• Wong V.Y.
      • Tung S.Y.
      • Ng A.W.
      • Li F.A.
      • Leung J.O.
      Real-time monitoring and control on deep inspiration breath-hold for lung cancer radiotherapy: combination of ABC and external marker tracking.
      ], an infrared tracking block [
      • Shi C.
      • Tang X.
      • Chan M.
      Evaluation of the new respiratory gating system.
      ] or a surface-guidance systems (SG) [
      • Boda-Heggemann J.
      • Knopf A.C.
      • Simeonova A.
      • Wertz H.
      • Stieler F.
      • Jahnke A.
      • et al.
      DIBH (Deep Inspiratory Breath Hold)-based radiotherapy – a clinical review.
      ,
      • Naumann P.
      • Batista V.
      • Farnia B.
      • Fischer J.
      • Liermann J.
      • Tonndorf-Martini E.
      • et al.
      Feasibility of optical surface-guidance for position verification and monitoring of stereotactic body radiotherapy in deep-inspiration breath-hold.
      ]. DIBH is considered a reliable and effective technique to reduce highly-moving target motion, such as lung lesions in free breathing conditions [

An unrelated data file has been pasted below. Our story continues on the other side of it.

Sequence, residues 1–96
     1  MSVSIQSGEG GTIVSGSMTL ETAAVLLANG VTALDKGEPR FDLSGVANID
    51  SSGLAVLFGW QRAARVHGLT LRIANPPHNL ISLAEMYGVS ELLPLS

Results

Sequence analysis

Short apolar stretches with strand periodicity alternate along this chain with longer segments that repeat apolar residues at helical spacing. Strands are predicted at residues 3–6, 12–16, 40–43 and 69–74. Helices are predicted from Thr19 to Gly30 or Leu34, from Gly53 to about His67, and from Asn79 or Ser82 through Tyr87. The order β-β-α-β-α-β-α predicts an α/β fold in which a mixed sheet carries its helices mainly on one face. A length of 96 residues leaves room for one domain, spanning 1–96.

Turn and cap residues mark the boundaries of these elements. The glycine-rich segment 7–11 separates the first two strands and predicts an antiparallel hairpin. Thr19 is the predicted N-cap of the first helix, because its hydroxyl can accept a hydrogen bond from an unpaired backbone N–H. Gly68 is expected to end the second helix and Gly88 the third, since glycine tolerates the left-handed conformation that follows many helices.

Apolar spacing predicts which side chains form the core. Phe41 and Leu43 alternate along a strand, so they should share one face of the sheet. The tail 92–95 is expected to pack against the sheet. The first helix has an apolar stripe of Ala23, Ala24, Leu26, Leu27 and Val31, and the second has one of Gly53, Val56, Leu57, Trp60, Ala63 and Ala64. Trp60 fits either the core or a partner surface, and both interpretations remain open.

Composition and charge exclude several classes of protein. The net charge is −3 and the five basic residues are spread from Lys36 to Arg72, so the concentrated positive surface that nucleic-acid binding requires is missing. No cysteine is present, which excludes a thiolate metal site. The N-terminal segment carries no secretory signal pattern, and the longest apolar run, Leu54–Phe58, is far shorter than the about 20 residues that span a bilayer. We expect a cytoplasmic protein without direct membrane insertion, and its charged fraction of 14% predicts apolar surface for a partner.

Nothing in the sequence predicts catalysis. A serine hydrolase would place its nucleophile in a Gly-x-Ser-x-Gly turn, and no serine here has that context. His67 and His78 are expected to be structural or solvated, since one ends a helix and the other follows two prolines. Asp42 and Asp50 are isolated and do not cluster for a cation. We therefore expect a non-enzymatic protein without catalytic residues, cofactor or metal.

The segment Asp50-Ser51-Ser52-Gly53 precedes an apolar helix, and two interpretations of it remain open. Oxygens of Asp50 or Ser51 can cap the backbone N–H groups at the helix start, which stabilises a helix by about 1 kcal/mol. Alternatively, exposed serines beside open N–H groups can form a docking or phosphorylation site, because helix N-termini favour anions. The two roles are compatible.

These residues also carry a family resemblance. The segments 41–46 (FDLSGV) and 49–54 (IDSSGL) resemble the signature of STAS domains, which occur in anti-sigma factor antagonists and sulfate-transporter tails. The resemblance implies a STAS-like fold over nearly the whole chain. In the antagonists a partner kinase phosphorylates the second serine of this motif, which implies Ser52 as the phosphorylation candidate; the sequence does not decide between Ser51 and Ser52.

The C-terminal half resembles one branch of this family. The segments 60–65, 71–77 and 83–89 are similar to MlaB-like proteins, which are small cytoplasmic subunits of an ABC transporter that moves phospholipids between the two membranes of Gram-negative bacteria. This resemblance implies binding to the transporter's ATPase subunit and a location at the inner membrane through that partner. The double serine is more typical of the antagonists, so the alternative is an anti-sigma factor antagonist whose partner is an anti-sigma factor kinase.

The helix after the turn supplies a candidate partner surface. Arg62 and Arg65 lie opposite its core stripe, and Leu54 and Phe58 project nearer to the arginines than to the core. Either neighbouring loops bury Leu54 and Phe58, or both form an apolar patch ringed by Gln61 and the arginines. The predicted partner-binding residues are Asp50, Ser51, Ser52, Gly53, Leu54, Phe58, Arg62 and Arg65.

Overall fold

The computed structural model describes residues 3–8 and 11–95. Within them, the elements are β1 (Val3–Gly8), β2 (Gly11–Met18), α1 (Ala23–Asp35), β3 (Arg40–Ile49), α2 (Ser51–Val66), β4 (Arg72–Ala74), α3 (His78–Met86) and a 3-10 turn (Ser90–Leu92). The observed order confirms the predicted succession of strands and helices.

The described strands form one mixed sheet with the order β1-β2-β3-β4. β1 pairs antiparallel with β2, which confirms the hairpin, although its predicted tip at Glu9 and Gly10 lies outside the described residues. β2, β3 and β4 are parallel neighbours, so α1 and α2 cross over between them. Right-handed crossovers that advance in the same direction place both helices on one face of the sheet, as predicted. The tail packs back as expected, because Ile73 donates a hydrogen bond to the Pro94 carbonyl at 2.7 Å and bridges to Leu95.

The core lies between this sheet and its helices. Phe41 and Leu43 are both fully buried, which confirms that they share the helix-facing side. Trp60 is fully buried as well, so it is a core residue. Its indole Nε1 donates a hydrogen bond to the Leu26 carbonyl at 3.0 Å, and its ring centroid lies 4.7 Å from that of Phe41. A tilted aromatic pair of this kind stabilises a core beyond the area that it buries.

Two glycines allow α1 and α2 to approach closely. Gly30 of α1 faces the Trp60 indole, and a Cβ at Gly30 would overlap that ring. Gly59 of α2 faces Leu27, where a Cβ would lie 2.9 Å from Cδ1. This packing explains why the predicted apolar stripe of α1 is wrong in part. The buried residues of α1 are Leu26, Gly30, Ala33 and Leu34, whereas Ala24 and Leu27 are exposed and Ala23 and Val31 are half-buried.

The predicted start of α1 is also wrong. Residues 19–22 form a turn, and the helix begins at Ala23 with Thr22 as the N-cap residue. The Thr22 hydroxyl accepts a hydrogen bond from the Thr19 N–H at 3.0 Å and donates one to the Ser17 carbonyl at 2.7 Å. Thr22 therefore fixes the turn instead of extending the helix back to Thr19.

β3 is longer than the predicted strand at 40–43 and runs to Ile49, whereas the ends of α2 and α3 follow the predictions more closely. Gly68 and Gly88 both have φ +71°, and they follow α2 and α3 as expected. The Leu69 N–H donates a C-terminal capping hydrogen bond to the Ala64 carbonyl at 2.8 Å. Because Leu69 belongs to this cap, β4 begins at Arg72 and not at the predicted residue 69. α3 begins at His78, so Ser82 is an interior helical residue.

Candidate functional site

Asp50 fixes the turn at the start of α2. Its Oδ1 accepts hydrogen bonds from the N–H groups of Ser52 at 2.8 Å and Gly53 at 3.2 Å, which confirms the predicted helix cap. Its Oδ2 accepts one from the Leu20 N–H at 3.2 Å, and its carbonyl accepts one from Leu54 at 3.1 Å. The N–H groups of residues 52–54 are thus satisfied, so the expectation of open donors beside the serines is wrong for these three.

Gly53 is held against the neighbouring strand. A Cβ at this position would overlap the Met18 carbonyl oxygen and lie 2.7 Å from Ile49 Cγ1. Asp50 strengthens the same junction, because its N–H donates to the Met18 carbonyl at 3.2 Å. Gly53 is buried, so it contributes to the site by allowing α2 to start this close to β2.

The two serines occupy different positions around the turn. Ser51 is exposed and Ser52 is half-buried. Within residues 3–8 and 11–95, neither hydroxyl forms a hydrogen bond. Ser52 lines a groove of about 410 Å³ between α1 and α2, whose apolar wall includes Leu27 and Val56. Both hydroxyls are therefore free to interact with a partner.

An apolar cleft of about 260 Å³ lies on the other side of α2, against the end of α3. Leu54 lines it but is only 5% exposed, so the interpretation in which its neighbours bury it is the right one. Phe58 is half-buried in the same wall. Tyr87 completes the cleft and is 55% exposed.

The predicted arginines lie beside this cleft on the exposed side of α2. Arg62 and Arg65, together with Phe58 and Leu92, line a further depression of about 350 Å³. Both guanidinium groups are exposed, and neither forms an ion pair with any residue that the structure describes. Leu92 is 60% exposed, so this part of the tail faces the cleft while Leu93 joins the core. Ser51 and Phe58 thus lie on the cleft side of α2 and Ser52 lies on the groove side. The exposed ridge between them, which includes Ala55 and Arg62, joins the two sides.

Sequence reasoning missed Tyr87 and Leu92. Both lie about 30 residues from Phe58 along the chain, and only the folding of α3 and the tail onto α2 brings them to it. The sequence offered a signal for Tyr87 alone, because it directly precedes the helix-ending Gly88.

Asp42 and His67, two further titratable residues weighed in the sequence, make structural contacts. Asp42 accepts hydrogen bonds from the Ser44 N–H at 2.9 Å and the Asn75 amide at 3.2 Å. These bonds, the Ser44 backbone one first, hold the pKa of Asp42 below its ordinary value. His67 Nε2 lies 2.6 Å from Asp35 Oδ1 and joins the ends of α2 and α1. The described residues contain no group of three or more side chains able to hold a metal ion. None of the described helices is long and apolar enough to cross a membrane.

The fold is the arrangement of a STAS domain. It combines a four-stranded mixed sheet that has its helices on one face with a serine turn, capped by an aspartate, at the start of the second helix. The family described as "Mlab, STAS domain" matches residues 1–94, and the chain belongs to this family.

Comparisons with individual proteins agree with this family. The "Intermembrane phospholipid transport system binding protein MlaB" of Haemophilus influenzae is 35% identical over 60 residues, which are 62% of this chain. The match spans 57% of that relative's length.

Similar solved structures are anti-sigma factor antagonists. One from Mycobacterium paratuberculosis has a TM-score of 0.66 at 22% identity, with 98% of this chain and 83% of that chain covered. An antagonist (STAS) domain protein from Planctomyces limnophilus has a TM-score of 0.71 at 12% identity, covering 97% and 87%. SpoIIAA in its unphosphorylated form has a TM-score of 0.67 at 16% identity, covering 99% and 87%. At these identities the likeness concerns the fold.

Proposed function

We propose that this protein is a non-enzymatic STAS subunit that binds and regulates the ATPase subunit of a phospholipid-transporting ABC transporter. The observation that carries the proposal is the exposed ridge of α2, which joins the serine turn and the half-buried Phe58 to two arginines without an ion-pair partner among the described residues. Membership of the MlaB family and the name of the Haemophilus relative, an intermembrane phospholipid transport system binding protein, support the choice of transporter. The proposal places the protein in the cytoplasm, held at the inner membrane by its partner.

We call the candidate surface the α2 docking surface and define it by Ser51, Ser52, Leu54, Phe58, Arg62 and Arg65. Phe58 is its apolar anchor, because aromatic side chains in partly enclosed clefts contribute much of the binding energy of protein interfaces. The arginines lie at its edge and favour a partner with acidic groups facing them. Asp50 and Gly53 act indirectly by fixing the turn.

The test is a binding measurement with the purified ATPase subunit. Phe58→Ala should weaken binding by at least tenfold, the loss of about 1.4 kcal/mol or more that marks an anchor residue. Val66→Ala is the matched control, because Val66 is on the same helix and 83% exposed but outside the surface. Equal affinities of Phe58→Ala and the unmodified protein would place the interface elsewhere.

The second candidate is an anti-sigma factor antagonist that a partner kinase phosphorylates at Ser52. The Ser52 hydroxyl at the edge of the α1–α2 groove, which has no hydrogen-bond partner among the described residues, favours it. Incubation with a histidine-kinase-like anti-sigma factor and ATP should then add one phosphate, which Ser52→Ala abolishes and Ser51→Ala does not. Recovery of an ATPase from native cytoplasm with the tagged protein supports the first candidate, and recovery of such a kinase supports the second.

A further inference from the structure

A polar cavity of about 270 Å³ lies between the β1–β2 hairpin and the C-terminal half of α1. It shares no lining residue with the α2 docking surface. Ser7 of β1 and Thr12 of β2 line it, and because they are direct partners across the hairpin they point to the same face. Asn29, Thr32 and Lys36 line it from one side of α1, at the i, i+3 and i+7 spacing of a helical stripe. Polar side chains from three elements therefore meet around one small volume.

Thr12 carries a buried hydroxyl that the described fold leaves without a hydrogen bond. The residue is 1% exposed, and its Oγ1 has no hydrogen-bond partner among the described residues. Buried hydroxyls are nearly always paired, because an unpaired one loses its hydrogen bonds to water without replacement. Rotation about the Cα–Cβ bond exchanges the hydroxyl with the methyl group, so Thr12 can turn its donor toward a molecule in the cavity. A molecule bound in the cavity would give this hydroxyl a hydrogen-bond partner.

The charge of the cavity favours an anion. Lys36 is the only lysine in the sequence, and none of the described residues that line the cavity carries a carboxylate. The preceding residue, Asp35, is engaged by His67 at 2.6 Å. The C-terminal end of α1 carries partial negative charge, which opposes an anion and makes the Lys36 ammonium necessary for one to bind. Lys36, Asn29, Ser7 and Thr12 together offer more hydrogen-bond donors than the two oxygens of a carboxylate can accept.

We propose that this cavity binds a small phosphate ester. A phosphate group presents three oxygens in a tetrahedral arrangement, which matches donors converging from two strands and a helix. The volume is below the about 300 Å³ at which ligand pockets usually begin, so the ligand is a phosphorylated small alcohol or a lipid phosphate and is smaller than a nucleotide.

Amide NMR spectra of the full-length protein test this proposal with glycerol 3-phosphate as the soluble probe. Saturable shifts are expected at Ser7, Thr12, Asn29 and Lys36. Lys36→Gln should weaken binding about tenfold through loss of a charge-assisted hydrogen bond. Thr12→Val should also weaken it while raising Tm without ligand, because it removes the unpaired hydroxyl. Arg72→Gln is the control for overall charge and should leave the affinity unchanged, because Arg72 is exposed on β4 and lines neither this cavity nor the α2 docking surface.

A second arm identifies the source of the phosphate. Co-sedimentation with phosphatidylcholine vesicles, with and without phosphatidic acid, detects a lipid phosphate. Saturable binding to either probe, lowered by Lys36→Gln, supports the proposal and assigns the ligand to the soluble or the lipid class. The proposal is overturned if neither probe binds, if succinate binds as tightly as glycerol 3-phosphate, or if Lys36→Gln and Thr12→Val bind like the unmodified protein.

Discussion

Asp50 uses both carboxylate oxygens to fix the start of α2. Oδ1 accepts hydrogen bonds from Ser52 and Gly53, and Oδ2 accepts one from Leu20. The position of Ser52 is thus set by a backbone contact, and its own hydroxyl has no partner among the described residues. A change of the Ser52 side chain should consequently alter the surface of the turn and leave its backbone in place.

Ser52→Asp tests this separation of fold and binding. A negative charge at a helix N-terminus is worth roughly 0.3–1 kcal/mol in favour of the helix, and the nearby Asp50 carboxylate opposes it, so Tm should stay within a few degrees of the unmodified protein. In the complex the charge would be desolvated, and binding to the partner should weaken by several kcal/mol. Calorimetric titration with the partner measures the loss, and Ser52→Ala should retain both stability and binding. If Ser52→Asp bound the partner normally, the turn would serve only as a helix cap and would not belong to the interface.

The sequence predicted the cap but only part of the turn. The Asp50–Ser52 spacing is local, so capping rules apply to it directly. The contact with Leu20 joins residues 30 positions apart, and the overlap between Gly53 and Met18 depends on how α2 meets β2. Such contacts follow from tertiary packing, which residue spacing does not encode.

• Boda-Heggemann J.
      • Knopf A.C.
      • Simeonova A.
      • Wertz H.
      • Stieler F.
      • Jahnke A.
      • et al.
      DIBH (Deep Inspiratory Breath Hold)-based radiotherapy – a clinical review.
      ].
      The election of the motion management system would affect intra- and inter-fractional errors and PTV margins that should be applied [
      • van Herk M.
      Errors and margins in radiotherapy.
      ]. With the introduction of daily CBCT, imaging with soft-tissue registration the inter-fractional uncertainties can be reduced [
      • Josipovic M.
      • Persson G.F.
      • Bangsgaard J.P.
      • Specht L.
      • Aznar M.C.
      Deep inspiration breath-hold radiotherapy for lung cancer: impact on image quality and registration uncertainty in cone beam CT image guidance.
      ,
      • Wang X.
      • Zhong R.
      • Bai S.
      • Xu Q.
      • Zhao Y.
      • Wang J.
      • et al.
      Lung tumor reproducibility with active breath control (ABC) in image-guided radiotherapy based on cone-beam computed tomography with two registration methods.
      ,
      • Li R.
      • Han B.
      • Meng B.
      • Maxim P.G.
      • Xing L.
      • Koong A.C.
      • et al.